The Best Alternative – A Wood Smoker

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IMG_5165A wood smoker is and will forever be the best way to smoke food. There is a bit of a learning curve if you are used to using a charcoal, gas or electric smoker but the results are worth the time and effort you put into learning this fine art.

I think the biggest mistake pitmasters make in using a wood burning smoker is in building too big of a fire.

I have always recommended starting with around 3 sticks of wood and using proper air flow to maintain a 220-240 degree temperature.

I generally start with the exhaust opened all or almost all the way and the inlet open about a third of the way.

This induces proper air flow and allows the burning wood to become a hot bed of coals that will remain at a constant temperature for several hours with minimal maintenance.

Proper air flow is imparitive to preventing creosote from building up on the meat and on the inside of the wood smoker. The smoke must be allowed to move into the smoker kissing the meat genly as it passes over and then be allowed to escape effortlessly thru the full open exhaust.

In the event that the smoker gets out of control you can spray the coals with some water to cool it down but be careful to not stir up the coals or you will have ashes all over your precious meat.

As far as what wood to use… that is a matter of personal taste. I love mesquite but I usually mix it with apple or oak at a 1:3 ratio to prevent it from overpowering the meat. You can use hickory, apple, oak, pecan and most other fruit and nut woods without the smoke becoming too strong.

Experience will be the best teacher in the proper use of your wood smoker and you will soon discover what you and your family like best.

Click here to learn how to build and maintain a fire in your wood smoker.


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About Jeff Phillips

Long time Industrial Engineer turned self-proclaimed fire poker, pitmaster and smoke whisperer and loving every minute of it!

Comments

  1. Hi Jeff,

    You have earned a lot of respect in the worl of smoke.  I am just inside the threshold of that world and I am wanting to learn what I can.  

    My forist question concerns a smoker.  I would like to get to the point of cooking several boston butss and some ribs at one time.  We have Academy Sports nearby.  They feature a rather large smoker - Old Country BBQ Pits Wrangler Smoker.  It is within my budget.  Would this be a good smoker for me to "learn" with?  I have been using the Cajun Injector Barrel smoker for quite a while, so I have SOME experience.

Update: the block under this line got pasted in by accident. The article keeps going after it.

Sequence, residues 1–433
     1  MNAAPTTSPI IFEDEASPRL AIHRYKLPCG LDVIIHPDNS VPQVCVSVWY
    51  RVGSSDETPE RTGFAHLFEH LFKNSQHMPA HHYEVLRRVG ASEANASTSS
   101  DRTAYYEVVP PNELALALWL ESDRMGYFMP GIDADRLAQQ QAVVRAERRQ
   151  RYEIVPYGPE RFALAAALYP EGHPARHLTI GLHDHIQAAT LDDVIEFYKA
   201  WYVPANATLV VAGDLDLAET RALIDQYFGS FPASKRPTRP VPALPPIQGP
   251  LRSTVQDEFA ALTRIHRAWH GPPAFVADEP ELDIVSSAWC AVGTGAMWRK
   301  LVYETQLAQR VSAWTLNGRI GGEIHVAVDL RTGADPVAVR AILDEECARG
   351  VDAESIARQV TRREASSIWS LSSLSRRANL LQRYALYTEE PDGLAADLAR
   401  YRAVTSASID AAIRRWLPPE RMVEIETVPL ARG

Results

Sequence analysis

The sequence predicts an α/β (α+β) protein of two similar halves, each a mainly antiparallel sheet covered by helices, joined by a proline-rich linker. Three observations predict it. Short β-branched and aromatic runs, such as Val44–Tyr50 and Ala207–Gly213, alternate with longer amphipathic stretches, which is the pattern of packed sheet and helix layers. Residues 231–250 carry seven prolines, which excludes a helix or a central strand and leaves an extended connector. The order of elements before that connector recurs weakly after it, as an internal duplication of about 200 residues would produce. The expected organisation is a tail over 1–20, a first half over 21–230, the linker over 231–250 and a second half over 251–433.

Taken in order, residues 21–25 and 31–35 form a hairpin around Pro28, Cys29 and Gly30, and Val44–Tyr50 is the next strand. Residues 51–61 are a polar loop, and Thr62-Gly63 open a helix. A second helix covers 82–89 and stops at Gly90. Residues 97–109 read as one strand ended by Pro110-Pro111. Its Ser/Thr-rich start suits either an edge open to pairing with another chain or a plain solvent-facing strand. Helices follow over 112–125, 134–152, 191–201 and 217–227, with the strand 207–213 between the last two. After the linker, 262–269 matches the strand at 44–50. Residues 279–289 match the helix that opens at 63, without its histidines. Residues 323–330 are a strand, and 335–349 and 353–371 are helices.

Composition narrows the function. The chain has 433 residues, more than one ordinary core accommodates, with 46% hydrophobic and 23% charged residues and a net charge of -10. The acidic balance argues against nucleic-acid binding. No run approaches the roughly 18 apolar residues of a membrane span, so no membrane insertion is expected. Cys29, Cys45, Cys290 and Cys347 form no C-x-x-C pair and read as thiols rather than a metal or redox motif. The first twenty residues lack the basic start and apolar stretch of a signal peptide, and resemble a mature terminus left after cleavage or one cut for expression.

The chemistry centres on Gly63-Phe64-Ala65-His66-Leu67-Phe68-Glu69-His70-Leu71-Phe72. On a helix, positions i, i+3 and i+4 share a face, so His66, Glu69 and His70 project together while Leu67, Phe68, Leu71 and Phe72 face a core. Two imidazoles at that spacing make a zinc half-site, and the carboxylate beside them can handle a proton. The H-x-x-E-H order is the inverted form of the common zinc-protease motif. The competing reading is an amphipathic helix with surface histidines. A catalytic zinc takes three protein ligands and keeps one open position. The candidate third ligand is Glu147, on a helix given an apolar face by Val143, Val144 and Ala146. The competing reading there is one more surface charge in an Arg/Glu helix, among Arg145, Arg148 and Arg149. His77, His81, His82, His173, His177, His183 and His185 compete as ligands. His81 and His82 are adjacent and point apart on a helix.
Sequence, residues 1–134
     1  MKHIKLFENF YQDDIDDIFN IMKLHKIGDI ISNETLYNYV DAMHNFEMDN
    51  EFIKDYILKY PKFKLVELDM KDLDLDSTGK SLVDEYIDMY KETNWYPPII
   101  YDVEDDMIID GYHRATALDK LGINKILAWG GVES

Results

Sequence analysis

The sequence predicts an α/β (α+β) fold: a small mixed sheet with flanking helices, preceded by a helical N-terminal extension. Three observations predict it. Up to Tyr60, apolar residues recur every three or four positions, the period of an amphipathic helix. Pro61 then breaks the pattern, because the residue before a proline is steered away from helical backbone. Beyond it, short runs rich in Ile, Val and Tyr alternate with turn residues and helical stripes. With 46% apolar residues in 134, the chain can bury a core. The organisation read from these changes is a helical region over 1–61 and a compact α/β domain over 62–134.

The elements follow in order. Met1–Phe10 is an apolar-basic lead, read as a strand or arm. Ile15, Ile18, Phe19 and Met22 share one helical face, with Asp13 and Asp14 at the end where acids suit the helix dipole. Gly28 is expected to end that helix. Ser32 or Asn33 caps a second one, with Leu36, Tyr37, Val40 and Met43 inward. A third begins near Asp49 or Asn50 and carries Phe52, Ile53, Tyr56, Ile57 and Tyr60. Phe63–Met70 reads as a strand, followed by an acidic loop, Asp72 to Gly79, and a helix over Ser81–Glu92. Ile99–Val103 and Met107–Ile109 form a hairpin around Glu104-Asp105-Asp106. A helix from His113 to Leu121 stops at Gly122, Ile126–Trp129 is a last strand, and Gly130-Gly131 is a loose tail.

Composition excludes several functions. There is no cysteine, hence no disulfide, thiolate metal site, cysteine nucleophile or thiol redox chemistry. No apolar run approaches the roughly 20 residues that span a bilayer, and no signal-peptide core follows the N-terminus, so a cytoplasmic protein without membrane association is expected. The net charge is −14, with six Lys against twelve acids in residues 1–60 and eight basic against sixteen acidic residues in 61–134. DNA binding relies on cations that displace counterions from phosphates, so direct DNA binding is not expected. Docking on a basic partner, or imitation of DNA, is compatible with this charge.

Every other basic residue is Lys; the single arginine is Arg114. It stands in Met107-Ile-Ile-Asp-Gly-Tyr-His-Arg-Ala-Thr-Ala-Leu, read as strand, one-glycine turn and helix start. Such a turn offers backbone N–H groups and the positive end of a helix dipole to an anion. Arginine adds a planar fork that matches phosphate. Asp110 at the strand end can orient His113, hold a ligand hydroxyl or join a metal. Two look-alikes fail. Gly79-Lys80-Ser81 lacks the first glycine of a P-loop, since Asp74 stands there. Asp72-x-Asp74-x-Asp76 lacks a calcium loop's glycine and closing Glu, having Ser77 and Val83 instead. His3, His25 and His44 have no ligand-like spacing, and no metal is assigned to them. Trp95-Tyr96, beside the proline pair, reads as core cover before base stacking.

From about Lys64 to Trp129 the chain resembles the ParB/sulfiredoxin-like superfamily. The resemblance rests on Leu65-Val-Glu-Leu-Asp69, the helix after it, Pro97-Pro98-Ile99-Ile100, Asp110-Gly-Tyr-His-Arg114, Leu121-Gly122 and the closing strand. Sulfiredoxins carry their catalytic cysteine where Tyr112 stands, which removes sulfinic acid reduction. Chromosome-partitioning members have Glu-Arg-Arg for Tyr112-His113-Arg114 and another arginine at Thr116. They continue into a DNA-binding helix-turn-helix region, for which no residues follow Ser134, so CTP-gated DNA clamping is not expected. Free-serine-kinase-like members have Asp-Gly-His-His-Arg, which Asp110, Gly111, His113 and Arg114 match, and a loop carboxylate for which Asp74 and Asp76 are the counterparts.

I also have an infrared gas grill and a master forge charcoal grill along with a materbuilt 40 " electric smokehouse.  I'm just wanting to get into wood smokin'.

    Thanks for your help.

    Jaxon

     

  2. I am looking at a couple of BBQ Pitmakers and would like some advice.

    Lang Pit, BBQ by Klose & Gator Pit of Texas & Jambo Pits?

    I am thinking 20 x 48 smoker w/ 2' fire box or 24 x 48 w/ 2' firebox

    what to do?  recommendations?  thoughts? 

     

  3. Sir,
    Mr. Phillips I have a couple of questions.
    1. I have a barrel smoker with a side fire box. Should I put a pan of water over the wood? I have been just letting the smoke run from the fire box to the smoke chamber.
    2. I was wondering about termometer probes. What is the correct placement, do you put them in horizontally into the thickest part of the meat or vertically? How do you use one on ribs?

    Thanks

    Nathan W Williams

    • Nathan,

      1. Water never hurts in a smoker and works great as a barrier to keep the heat from hitting the meat directly. I would sit it on the grate right where the heat enters the smoke chamber if possible.

      2. I like to place the thermometer probe horizontally into the side of briskets, pork shoulders, etc. as this allows me to flip the meat over if I want to, without removing the probe.

      Ribs should always be cooked to tenderness rather than temperature and for this reason, I rarely, if ever, use a probe or even check the temperature on ribs. If you do feel the need to check them, you have to get the probe into some nice thick meat making sure the probe is not touching the bone at all.

      Ribs reach the safe temperature for whole cuts of pork (145°F) way before they are tender enough to eat. Tender ribs will be in the 180-190°F range in my experience.

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